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Magazine Web Edition > January 1996 > Of Milk and Media

Of Milk and Media




Those who heard about the Milk Miracle first hand were told in wonder and astonishment how Lord Ganesha was actually consuming milk offered by devotees. But those who had the misfortune to first read about it in an India newspaper were in for a rude shock. Instead of discovering details of a rare worldwide religious event, they were bombarded with headlines such as, "People Go Berserk at 'Milk Miracle,'" "Scientists Scoff at Mass Hysteria," or "Thousands Taken in by 'Miracle.'" The Indian Press obviously did not react with awe as did most Hindus.

From the beginning, the press portrayed the milk miracle as an astounding demonstration of mass ignorance, something to be mocked and even condemned. Perhaps it is because reporters and editors are among those who prefer to see their glass half empty rather than half full. Former US President Lyndon Johnson remarked about the Washington DC press corps, "If I walked across the Potomac River, the headlines the next day would say, 'The President Can't Swim.'"

Fortunately for Hindus, Lord Ganesha also performed His miracle outside India, even near Washington DC. Reporters of top newspapers in the UK, Denmark, USA, Germany and Canada were not predisposed to mock the milk miracle, nor to accept the snap conclusions of scientists. The reporters for the prestigious Washington Post,for example, did not reject as illusion what they had personally witnessed at a Maryland temple. Similarly, UK reporter Rebecca Maer wrote in the Daily Express,after her visit to a Hindu temple in Southall, "It's difficult to dismiss something you have seen for yourself."A poll published by Princeton University in September, 1995, showed that 79% of American people believe in miracles. Granted that the percentage of reporters who so believe may be less, US newspapers are not inclined to offend three-quarters of their readers by presupposing miracles impossible.

Mainstream and ethnic newspapers outside India ended up with two kinds of reports: highly skeptical stories from reporters (Indian and foreign) inside India and impartial first-hand stories from reporters (Indian and otherwise) in London, Los Angeles, New York, Denmark, Germany, etc.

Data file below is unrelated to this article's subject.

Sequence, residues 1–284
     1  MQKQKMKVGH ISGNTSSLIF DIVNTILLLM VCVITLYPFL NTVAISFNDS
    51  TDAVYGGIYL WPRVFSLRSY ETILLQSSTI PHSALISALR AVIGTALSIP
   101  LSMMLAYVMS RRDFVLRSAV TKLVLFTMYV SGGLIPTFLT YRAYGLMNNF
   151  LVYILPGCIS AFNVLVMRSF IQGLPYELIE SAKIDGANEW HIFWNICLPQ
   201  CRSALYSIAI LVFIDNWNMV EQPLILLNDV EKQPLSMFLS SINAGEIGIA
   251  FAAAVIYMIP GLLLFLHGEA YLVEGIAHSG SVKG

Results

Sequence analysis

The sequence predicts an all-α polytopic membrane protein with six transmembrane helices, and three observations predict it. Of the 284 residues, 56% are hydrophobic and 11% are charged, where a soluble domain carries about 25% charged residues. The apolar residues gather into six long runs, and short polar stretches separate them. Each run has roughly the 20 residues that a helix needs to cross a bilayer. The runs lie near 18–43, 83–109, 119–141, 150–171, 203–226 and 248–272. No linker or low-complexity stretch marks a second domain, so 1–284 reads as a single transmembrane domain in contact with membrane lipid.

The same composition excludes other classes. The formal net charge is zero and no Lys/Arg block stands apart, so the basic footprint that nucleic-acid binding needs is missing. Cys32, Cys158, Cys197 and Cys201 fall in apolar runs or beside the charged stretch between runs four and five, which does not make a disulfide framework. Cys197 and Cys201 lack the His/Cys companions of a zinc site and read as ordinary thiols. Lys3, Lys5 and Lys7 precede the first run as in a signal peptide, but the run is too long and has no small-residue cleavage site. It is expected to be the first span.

What are Hindus to make of this situation? Why did the Indian press try from the moment the miracle happened to tear it down? Hinduism Today reviewed approximately 160 milk miracle newspaper and wire service reports from all over the world. We present here a few of our observations

The Initial Reporting

Normal journalistic standards of investigation, logic and impartiality seemed to have been set aside. In India it was immediately concluded by nearly every paper that there was no "miracle." This conclusion was based almost solely on the statements of scientists and so-called "rationalists," made within hours of the event. Scientists are known to spend years studying the simplest of phenomenon before making a conclusion. How was it they were able to reach one so fast in this case? Reporters in India apparently made no effort to collect eye-witness reports of the miracle to determine whether the explanations hurriedly offered by scientists fit the facts. Many Deities that took milk stood in trays with no drain, or even on the dashboard of a car (as reported to us by a leading barrister in Malaysia). There was no place for the milk to hide. Indian reporters were not the only ones guilty of this breach of journalistic ethic; a New York Timesreporter in Calcutta filed a report highly abusive of the miracle and Hinduism in general. It was based almost entirely on the statements of one "rationalist."

The next few days of reports continued to mock the miracle. Articles appeared with headlines such as "Ganesh Hysteria Peters Out," "Have the Gods had Their Fill?" and "Temples Deserted, Rationalists Prove Capillary Action Works Always." The impression created over a few days for the Indian public was that the scientists had conclusively proved there was no miracle--when they had proved no such thing. Even those who had seen the miracle started to doubt themselves.